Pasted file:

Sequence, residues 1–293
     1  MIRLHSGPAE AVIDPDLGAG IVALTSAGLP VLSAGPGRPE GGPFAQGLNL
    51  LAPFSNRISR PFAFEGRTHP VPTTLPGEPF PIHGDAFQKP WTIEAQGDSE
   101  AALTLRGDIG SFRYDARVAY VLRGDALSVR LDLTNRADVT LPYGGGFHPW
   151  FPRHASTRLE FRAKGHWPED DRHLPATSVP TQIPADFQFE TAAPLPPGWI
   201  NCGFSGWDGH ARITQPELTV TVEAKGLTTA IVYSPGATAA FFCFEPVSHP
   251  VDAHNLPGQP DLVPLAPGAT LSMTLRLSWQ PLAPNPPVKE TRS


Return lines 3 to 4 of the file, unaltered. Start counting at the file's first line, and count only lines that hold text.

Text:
    51  LAPFSNRISR PFAFEGRTHP VPTTLPGEPF PIHGDAFQKP WTIEAQGDSE
   101  AALTLRGDIG SFRYDARVAY VLRGDALSVR LDLTNRADVT LPYGGGFHPW